Mountain Bike Helmets
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The characteristics of mountain bike helmets
The mountain helmets are equipped with a visor that protects the face of the many branches encountered on the slopes of the mountain. Mountain helmets also have a shape that allows them to cover the back of the head and neck. It is for this reason that this type of helmet is more covered and usually has fewer ventilation channels.
The abundant shade from the trees is therefore often highly appreciated by mountain cyclists and compensates for this less abundant ventilation. The mountain helmet is less aerodynamic than the road, but since you drive more slowly in this type of sport, it is not a prerequisite. Still, companies have developed several technologies that make the mountain helmet more ventilated, without compromising its safety.
Technologies offering more protection for more ventilation
An example of technology that gives helmets more ventilation while offering maximum protection is Smith's own Koroyd technology. The helmet contains a layer of cells that absorbs more kinetic energy than the materials normally used. In addition to letting air through, Koroyd technology provides greater protection than found in traditional helmets, allowing more ventilation channels. Smith's Forefront helmet is an example of a mountain helmet that features these revolutionary cells.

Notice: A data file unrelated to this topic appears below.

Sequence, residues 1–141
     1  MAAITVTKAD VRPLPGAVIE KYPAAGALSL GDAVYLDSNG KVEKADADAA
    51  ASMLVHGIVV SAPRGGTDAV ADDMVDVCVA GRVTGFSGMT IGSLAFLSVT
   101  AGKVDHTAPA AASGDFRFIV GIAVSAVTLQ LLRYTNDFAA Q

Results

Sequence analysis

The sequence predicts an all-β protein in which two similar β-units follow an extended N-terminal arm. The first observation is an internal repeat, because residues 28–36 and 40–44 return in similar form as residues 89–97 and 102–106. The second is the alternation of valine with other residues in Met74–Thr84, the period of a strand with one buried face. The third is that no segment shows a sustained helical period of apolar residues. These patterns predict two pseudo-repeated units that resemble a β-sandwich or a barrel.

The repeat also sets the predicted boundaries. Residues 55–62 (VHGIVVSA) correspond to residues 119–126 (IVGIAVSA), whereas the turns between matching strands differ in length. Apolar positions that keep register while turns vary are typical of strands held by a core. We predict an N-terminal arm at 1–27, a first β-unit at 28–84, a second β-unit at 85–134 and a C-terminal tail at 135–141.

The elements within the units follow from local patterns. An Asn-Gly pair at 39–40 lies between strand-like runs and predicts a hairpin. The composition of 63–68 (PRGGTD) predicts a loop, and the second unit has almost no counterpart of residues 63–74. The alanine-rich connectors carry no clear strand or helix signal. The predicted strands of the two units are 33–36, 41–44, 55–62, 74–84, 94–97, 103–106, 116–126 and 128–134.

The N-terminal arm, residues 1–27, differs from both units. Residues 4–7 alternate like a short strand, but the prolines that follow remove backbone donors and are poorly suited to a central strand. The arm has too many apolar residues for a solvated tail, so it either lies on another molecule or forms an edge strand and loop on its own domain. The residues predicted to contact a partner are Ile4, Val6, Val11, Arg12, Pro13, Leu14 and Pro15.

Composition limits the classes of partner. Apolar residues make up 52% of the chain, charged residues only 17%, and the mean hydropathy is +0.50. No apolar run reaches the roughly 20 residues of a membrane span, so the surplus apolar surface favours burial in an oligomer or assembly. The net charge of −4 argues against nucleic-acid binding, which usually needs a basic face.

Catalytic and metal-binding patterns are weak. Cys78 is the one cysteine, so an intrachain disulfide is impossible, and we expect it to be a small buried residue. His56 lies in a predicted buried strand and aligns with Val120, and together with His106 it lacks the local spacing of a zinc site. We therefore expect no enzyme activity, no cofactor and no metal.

As for POC, well they make helmets with SPIN technology. The SPIN system consists of gel pads that resist rotational forces that may be responsible for concussions in three types of impacts. This technology is the equivalent of the Mips technology, found in many of our helmets.
For an even safer, two-in-one mountain helmet, go for the Bell Super 3R. This helmet is equipped with a removable chin strap, ideal for longer and more extreme descents.
We have a homologated downhill and BMX helmet by the FQSC: the Bell Super DH.
How to find the perfect bike helmet?
To find out if you have the right helmet size, take it, and put it on your head. If the helmet has one, use the adjustment system to adjust the helmet to the circumference of your head. Then lean down so your head is upside down, being careful to put your hands under your helmet in case it falls. If it stays in place, it's the right size for you!
The next step is to determine if this is the right model for you. Each company designs their helmets with a model of their own. Thus, the different brands will not have the same form of helmet and some will do better than others, depending on your head shape.
An example is the narrower IXS mountain helmet, which is perfect for smaller heads and does not create a mushroom effect.
To find out if a helmet goes down low enough at the forehead, make sure you have a space of one finger between the eyebrows and the helmet. Remember to try your helmet with your glasses to make sure your glasses are compatible with the helmet.
Once you have found your helmet, adjust the straps: the crossover of the back and front straps must be just below the earlobe. For the straps at the neck, we want there to be 1 finger that pass between the neck and the belt. It is important to adjust the straps of your helmet properly because they are the ones that keep it on your head when you are ejected from your bike in the event of an accident.